Taking meds — which I hate, btw , but that’s life — gave me the range, and helped me see the difference between being on and not. This means when husband is trying to get me to choose something he’s showing me on the computer, or whatever, and I space out in the middle of his sentence I can point out the meds ran out, and I don’t want to have caffeine late at night. It’s not that he’s not interesting, or I’m not interested. It’s that my mind is flitting around like a cat on LSD. I CAN’T keep my attention on it, no matter what I do.
Is this an excuse? Well, I could use it as such. But what I actually found is that now I know what I was doing wasn’t normal, and where normal is, I can fake it for a time after the meds run out. And get stuff done. Tiredness though, means my will power goes to pieces, and that’s fine. At that point I can’t do serious, intellectual a follows b work, be it writing or buying something I need, by evaluating three different models. It just won’t happen. And if pushed, I revert to bad habits from when I was vaguely aware I wasn’t normal, but was trying to hide it, and pointed at one thing and bought that. (Don’t go there. No, really, don’t.)
Now I know it wasn’t normal, and I couldn’t make it normal by will power, though, I can work around. It’s like any other physical disability. You work around it.
Some disabilities are easier to deal with. Once I found out I was mildly dyslexic and PROFOUNDLY digit dyslexic, it started being easier to control both, and I worked out a great deal of tricks so I don’t confuse digits, or don’t measure twice and cut– Oh, hell did I do that again?
Sometimes knowing “thing” is there and working around it is all it takes.
The weirdest thing is finding out at 58 that a lot of the things I thought were moral failings are actually and for real physical issues. I could no more will myself to pay attention to something not fascinating to me for hours at a time than a deaf person can will themselves to enjoy symphonies.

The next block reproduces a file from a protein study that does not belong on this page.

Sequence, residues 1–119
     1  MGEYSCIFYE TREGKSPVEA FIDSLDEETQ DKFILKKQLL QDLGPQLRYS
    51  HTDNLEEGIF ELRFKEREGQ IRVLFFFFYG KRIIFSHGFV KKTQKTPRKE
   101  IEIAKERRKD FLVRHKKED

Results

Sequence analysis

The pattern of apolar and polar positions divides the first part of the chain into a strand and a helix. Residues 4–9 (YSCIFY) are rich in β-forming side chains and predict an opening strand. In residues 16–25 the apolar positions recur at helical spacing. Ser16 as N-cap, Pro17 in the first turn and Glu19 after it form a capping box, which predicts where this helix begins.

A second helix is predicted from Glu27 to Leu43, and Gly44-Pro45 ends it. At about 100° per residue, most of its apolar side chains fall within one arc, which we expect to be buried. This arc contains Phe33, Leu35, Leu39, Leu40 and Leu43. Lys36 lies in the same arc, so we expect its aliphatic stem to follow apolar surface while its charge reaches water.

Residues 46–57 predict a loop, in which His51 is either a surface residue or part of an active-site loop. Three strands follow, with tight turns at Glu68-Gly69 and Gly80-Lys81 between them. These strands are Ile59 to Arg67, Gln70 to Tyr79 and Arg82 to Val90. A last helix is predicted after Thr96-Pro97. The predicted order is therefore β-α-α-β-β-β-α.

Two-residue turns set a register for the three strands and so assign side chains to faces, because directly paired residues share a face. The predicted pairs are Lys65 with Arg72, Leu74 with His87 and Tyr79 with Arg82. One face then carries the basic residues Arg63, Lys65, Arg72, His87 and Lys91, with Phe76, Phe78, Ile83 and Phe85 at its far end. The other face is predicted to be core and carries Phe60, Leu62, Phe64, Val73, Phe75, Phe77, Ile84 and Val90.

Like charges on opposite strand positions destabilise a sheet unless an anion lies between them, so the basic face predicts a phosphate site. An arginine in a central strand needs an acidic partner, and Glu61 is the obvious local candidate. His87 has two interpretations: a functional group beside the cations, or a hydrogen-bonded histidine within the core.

There are other things, too. Weird food dislikes or avoidances that turn out to be the fact I have an issue with that food, and/or with a texture. And other minor stuff.
It’s a relief to stop beating myself and going “I have to try harder” and instead go “Oh, yeah, that’s because of x. Can I work with it? Do I want to?”
Does it make life easier? Yes. Is it a cop out? Oh, no. If I still want to do thing y I have to come up with a way to do it, despite and besides x.
But it means the reasons I fail are no longer “mysterious” given my status as brighter than the average bear. And it means that I can try again, in a different way, avoiding the definition of madness.
And sometimes I can even fake normal for long periods at a stretch.
Now do I wish I’d known this … oh, let’s be generous… 40 years ago? Damn Skippy I do. I’d have got so much more done with the time I’ve been given.
But you know, better late than never, and at least now I KNOW. And I want you to know as well.
Forgive yourself for what you can’t help, and work with, over and around things too. And yes, that also means your body’s sudden, irrational “I don’t wanna.” Find ways to bribe it to do what you want. Or get someone else to do it.
You’re not a floating brain bubble. And the ape must be appeased. And when you learn to appease it, the brain can reach much further.
Now stop beating yourself up, and figure it out. Even if it involves doing that ickiest of all things: forgiving yourself.